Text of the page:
Centre for Excellence in Eye Care

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Floaters & PVD

Flashes and Floaters are very common, but there is no way of knowing if you have a retinal tear without a proper dilated retinal examination.

What is posterior vitreous?

As we get older, the gel in the middle of eye, known as the vitreous, starts to degenerate and break down; a process known as posterior vitreous detachment or PVD. As this occurs, opacities can form within the gel, which cast a tiny shadow on the back of the eye or retina. These shadows are what we see as floaters, and they can take many shapes – spots, lines, squiggles etc. As these floaters are sitting in the vitreous gel, when we move our eye the floaters move around the gel, and therefore seem to move around in front of our vision. While these floaters can be annoying, they do tend to become less noticeable over time.

As the vitreous degenerates, it also collapses towards the centre of the eye. In some people, the vitreous has firm attachments to the surrounding retina, and when it collapses, exerts traction on the retina. This traction irritates the retina, producing what is perceived as a flashing light.

Are flashes and floaters dangerous?

In most cases, the attachment between the retina and vitreous will separate, usually over a few weeks, and the flashing lights will stop. In a small percentage of people however, the vitreous does not separate from the retina, and instead pulls on the retina and produces a tear in the retina. This is important as the tear provides an access point for fluid in the vitreous to pass through the tear, and go under the retina, producing what we call a retinal detachment. A retinal detachment is an urgent sight threatening condition, which needs to be treated with surgery relatively quickly.

Fortunately if a tear is detected, a retinal detachment can be prevented by performing laser around the tear. By creating a barrier around the tear, laser prevents fluid from being able to get under the retina.

What should I do if I get flashes or floaters?

Flashes and Floaters are very common, but there is no way of knowing if you have a retinal tear without a proper dilated retinal examination. If you have flashes and/or floaters, it is important to see your ophthalmologist as soon as possible for a full retinal check.

What is a vitreous detachment?

The inside of the eye is filled with a gel like substance which helps maintain its shape, known as the vitreous. The vitreous attaches onto the surface of the retina through millions of fine fibres. As we age the vitreous begins to shrink and slowly pulls away off the retina. Sometimes the fibres break, allowing the vitreous to detach and shrink from the retina. In most cases a vitreous detachment, also known as a posterior vitreous detachment, is not sight-threatening and requires no treatment.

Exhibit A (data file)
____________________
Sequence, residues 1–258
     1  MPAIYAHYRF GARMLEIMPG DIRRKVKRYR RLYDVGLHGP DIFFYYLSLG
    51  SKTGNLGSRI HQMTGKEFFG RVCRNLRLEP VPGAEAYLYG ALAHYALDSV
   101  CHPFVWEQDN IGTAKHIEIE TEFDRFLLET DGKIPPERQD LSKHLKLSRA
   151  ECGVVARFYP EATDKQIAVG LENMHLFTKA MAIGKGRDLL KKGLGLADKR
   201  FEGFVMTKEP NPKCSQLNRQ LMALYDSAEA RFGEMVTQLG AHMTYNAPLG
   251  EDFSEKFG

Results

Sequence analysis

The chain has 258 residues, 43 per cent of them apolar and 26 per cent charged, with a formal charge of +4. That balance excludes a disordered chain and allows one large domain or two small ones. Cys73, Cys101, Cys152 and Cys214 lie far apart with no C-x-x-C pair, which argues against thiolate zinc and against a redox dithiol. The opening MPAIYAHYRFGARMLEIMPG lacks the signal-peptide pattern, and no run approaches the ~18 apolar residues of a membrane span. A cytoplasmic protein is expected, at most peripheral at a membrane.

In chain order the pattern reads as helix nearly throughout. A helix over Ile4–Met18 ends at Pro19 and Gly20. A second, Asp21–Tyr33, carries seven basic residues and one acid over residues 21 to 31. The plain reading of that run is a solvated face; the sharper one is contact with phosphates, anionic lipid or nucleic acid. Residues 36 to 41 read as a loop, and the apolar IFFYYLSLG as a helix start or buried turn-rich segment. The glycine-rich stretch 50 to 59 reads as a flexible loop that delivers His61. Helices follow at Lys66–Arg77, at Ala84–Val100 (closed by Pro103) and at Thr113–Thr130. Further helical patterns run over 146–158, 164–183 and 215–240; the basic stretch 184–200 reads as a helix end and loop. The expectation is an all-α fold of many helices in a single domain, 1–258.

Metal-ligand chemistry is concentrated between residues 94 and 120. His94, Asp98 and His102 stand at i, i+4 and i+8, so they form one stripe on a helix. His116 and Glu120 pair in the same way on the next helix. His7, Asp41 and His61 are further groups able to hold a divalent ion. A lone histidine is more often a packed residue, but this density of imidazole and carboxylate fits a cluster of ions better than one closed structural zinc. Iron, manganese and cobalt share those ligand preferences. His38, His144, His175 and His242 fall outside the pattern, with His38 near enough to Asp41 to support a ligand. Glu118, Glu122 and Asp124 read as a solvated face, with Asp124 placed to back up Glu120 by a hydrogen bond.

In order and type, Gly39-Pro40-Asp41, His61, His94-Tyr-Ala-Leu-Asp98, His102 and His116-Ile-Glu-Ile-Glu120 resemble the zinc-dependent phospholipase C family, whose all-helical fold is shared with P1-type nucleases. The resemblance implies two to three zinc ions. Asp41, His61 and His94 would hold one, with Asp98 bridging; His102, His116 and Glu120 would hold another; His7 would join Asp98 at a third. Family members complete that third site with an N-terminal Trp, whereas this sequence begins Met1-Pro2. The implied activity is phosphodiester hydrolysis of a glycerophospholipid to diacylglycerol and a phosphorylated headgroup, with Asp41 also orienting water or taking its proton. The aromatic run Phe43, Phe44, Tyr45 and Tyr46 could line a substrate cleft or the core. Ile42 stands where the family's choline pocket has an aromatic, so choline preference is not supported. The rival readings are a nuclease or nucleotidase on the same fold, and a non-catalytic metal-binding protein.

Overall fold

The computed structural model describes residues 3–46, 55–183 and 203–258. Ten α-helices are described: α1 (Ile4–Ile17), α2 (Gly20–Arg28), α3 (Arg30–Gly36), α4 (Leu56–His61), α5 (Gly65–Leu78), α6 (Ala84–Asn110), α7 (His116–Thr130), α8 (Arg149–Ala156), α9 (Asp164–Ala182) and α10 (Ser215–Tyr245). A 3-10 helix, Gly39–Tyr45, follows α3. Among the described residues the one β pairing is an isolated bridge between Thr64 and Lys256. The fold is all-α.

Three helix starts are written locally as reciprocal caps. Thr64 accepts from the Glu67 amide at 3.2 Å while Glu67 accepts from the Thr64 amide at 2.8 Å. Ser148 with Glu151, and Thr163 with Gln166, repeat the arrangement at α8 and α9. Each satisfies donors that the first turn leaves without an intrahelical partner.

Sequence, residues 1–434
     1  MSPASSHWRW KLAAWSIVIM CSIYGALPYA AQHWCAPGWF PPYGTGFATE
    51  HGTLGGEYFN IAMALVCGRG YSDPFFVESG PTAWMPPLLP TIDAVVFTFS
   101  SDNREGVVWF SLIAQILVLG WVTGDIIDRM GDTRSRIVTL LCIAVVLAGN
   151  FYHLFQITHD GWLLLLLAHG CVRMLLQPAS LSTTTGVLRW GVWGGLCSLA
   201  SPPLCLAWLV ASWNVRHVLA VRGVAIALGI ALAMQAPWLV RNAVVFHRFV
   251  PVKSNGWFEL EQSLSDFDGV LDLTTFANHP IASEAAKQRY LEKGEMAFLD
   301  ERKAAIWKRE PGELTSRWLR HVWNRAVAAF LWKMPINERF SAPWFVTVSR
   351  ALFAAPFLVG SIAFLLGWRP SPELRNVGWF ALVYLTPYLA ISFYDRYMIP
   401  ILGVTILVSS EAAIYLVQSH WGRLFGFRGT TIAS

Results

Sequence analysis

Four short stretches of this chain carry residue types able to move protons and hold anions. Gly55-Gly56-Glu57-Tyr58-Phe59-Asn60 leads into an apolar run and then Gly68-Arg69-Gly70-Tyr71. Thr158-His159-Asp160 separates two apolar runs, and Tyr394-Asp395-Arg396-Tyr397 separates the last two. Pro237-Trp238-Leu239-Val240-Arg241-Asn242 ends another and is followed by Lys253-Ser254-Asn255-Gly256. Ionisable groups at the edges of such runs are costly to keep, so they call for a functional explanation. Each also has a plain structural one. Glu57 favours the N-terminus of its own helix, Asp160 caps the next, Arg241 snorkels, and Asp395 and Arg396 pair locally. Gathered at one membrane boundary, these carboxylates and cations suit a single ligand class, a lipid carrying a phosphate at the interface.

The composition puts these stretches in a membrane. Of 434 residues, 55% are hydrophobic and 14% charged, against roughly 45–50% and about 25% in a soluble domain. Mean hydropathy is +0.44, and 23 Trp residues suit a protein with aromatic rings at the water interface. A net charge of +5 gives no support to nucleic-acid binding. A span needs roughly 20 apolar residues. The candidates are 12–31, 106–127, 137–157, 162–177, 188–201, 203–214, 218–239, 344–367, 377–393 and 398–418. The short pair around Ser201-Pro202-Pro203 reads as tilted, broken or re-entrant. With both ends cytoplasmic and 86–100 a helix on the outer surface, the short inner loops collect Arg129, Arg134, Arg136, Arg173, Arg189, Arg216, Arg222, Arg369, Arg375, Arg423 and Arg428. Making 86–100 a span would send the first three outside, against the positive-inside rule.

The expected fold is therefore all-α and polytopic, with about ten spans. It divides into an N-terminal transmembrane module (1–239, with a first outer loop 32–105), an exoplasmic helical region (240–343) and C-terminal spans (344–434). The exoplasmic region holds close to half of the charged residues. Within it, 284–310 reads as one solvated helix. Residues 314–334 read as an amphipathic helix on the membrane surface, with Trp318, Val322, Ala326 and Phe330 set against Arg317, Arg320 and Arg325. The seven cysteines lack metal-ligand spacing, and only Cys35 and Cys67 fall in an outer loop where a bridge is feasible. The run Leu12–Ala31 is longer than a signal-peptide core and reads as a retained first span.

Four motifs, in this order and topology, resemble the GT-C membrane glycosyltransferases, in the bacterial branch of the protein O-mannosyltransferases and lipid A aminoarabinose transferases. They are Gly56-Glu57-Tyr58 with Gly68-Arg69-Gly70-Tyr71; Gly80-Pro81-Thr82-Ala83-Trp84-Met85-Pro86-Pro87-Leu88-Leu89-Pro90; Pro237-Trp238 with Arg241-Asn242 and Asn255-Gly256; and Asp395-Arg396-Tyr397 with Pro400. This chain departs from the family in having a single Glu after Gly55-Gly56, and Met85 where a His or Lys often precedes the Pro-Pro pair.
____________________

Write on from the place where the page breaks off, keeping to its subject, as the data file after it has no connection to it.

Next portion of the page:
Vitreous detachments can lead to retinal tears and retinal detachments. If left untreated, these conditions can potentially lead to permanent vision loss in the affected eye. This happens rarely (approximately 1 in 20 people with Posterior Vitreous Detachment). 

You will notice a retinal tear as an increase in flashes, floaters or a curtain. If this occurs, you should return immediately. Otherwise you will usually be rechecked approximately 4-6 weeks later to ensure there are no retinal tears.

Who is at risk of vitreous detachment?

Those more at risk of a vitreous detachment are typically people over the age of 50 and especially those over the age 80. People who are short -sighted also have increased risk of suffering vitreous detachments.  

What are the symptoms of a vitreous detachment?

The most common symptom associated with a vitreous detachment is small but sudden increase in floaters. Floaters appear as dark cobwebs or stringy specks that float about in your vision. They are caused by strands in the vitreous that cast tiny shadows on your retina. The increase in floaters may also come with flashes of light in your peripheral or side vision. Most of the time you will not notice a vitreous detachment or you will merely find the increase in floaters a nuisance.  

How are vitreous detachments detected?

A comprehensive dilated eye examination is the only way to detect a vitreous detachment. If the vitreous detachment has led to macular hole or detached retina, early treatment can help prevent the loss of vision. 

How can a vitreous detachment be treated?

There is no current treatment for a vitreous detachment. Usually the symptoms calm down and people eventually get used to having the floaters. 

If I get a tear, how will it be treated?

Retinal tears are treated to prevent retinal detachment. Laser is used to “seal” around the tear and prevent it spreading. The laser can sting a little and is very bright. It is almost always to the peripheral retina and so has no effect on the central vision.